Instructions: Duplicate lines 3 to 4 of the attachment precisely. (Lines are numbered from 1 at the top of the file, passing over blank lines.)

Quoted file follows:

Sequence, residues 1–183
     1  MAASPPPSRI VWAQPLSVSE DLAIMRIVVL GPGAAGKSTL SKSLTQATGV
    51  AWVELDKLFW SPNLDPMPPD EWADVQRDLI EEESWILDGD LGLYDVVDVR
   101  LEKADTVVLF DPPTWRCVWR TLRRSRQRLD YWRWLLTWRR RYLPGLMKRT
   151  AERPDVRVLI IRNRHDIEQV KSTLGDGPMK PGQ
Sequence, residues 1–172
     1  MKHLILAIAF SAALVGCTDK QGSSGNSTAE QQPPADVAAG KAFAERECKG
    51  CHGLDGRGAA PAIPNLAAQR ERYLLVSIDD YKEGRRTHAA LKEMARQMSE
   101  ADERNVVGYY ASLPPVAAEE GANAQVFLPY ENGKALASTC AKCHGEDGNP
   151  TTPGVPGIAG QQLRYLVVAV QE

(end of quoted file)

    51  AWVELDKLFW SPNLDPMPPD EWADVQRDLI EEESWILDGD LGLYDVVDVR
   101  LEKADTVVLF DPPTWRCVWR TLRRSRQRLD YWRWLLTWRR RYLPGLMKRT